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BSCI 170- Midterm Exam Guide - Comprehensive Notes for the exam ( 38 pages long!)


Department
Biological Sciences Program
Course Code
BSCI 170
Professor
Patty Shields
Study Guide
Midterm

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UMD
BSCI 170
MIDTERM EXAM
STUDY GUIDE

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BSCI170 Exam 4 Study Guide
Topic 10: DNA Structure and Replication
What are three main “parts” of a nucleotide?
o Nitrogenous base, phosphate group, sugar backbone
What are the four bases found in DNA? RNA?
o Adenine, Thymine (DNA)/ Uracil (RNA), Guanine, Cytosine
How do nucleotides differ in RNA and DNA
o A-U (RNA) vs A-T (DNA)
What are the main features of the Watson & Crick Model of DNA?
o Double Helix Structure, Sugar-phosphate backbone, Strict nucleotide base
pairing, antiparallel strands
Can you explain (in word and/or pictures) the double helix?
o Anti-Parallel Strands, Strict Base Pairing, Hydrogen Bond
Why are DNA strands in a double helix anti-parallel?
o because of their polarities, one strand is going 5’ to 3’ in different directions
What is meant by “semiconservative replication”?
o New helix is formed with one parent strand and one daughter strand
Where does DNA replication start? How does this differ between prokaryotes and
eukaryotes?
o Starts at origin of replication, eukaryotes have many because they are in a line and
prokaryotes have one because they are a circle
What property of DNA structure causes there to be leading and lagging strands?
o Antiparallel structure
What is meant by 5' and 3' ends of nucleic acid strands?
o 5' carbon has a phosphate group attached to it and the 3' carbon a hydroxyl group
Given a DNA sequence, can you determine the complement?
o Look at base pairs (A-T, G-C) and work in the reverse direction
Can you explain (in word and/or pictures) DNA replication? What enzymes/proteins are
required for it? What role do the different enzymes play?
o biological process of producing two identical replicas of DNA from one original
DNA molecule. DNA is made up of a double helix of two complementary strands
Can you list the proteins required for DNA replication and give their functions?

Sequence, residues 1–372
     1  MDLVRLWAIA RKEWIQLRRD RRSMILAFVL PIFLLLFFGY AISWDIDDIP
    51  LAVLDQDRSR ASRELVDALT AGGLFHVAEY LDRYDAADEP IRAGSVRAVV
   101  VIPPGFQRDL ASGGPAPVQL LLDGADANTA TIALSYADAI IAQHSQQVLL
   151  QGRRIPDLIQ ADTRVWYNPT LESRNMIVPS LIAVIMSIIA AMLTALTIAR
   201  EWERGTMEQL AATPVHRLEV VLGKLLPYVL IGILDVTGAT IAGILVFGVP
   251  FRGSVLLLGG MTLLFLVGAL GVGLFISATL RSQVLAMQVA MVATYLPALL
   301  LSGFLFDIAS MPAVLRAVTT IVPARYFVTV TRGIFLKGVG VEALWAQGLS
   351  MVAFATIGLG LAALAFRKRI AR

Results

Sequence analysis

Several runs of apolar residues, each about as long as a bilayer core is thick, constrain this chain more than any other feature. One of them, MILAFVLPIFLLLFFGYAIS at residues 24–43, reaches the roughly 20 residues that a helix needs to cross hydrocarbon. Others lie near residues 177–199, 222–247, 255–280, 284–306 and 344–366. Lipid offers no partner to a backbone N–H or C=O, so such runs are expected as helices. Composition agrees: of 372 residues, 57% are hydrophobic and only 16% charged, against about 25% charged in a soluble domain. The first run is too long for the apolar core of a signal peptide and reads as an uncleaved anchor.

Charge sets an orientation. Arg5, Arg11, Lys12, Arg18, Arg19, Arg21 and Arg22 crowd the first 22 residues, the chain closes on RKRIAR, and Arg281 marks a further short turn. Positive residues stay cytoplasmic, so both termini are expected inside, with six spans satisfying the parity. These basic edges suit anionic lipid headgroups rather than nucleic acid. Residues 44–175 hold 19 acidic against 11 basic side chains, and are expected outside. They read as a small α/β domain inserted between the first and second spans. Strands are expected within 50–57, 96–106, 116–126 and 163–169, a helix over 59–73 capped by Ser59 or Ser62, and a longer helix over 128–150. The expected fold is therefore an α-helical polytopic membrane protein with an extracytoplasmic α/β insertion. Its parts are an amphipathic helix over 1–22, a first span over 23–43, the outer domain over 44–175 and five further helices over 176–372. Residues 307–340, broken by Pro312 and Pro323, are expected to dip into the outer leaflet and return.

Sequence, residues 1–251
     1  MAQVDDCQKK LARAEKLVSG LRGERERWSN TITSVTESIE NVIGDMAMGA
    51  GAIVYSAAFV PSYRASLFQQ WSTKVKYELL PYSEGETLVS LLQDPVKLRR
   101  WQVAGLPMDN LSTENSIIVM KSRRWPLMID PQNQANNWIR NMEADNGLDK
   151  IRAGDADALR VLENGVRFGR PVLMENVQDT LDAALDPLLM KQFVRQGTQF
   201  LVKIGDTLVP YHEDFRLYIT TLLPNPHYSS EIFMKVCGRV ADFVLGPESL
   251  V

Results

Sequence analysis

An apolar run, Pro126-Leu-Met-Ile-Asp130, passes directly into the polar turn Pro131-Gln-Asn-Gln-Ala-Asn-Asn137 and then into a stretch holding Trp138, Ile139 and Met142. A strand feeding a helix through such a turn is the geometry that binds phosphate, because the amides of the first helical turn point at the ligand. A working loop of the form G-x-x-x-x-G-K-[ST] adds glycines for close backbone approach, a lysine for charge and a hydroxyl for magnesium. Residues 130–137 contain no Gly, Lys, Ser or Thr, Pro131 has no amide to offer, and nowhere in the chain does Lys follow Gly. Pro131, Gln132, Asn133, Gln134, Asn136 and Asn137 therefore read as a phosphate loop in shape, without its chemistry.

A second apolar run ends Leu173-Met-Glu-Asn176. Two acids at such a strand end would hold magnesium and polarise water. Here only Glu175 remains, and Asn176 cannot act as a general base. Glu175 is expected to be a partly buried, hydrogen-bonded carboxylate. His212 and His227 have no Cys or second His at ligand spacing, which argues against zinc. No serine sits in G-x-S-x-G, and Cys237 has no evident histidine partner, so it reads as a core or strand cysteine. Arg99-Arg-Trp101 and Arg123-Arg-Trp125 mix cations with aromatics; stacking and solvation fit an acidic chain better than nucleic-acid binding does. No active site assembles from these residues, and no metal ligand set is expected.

o Helicase: Breaking up the hydrogen bonds that hold the DNA base pairs together,
o Topoisomerase: It cuts the DNA strand and reseals them to relieve TORSIONAL
strain that builds up when the helicase keeps breaking hydrogen bonds
o Primase: Synthesizes RNA primer.
o DNA Pol III: Elongates the primer in a 5’ to 3’ direction.
o DNA Pol I: Replaces primer RNA nucleotides with DNA nucleotides.
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o DNA Ligase: This connects Okazaki Fragments together by forming
COVALENT bonds between fragments.
o Single Stranded Binding Protein: Stabilizes the DNA strands until it can be used
as a template.
o Initiator Proteins: They come together on the DNA helix and unwinds it to create
the replication bubble.
What are two limitations on DNA polymerase activity?
o can only synthesis in a 5’ to 3’ direction and require a 3’ primer for elongation
Why does one of the limitations above lead to DNA replication having a leading and a
lagging strand? Explain what is meant by discontinuous synthesis.
o Must be synthesized in a 5’ 3’ direction and DNA Pol III only moves that way
o Lagging strand is synthesized discontinuously because the DNA POL III must
continuously go back as helicase unwinds more of the helix and thus can only
synthesize the strand in segments called okazaki fragments that are later all bound
together by ligase
Watson and Crick described the structure of DNA, with the main features
- Antiparallel strands
- Sugar-phosphate backbone outside
- Strict base-pairing of nucleotides inside (A:T; C:G)
- Double helix
DNA replicates by semi-conservative replication, such that each parental strand from a
double helix is used as a template to make a daughter strand along its entire length. This
results in two double helices, each one having an “old” DNA strand paired with a “new”
DNA strand.
DNA replication involves a number of proteins that are required to unwind the double
helix and make new, complementary strands.
DNA replication starts at an origin, where the DNA double helix begins the process of
unwinding. A replication bubble forms, consisting of two replication forks that move
away from each other in opposite directions. As the bubble expands, and the forks move
further apart, the new daughter strands are replicated inside the bubble.
During replication, new bases assemble in correct order because they follow strict base-
pairing, mediated by hydrogen bonding. The way nucleotides orient when pairing results
in the anti-parallel strands of the DNA double helix.
The antiparallel structure of DNA is the underlying cause of the need for a lagging strand during
DNA replication. This is a result of DNA polymerases only being able to add nucleotides to the
3’-end of a growing polynucleotide, in effect making DNA replication unidirectional. This
means DNA pol III is always moving toward helicase and following the replication fork on the
leading strand, but moving the wrong way (away from fork) on the lagging strand. Each time
new template DNA is exposed along the lagging strand a new primer is made, starting a new
daughter strand, resulting in a series of Okazaki fragments
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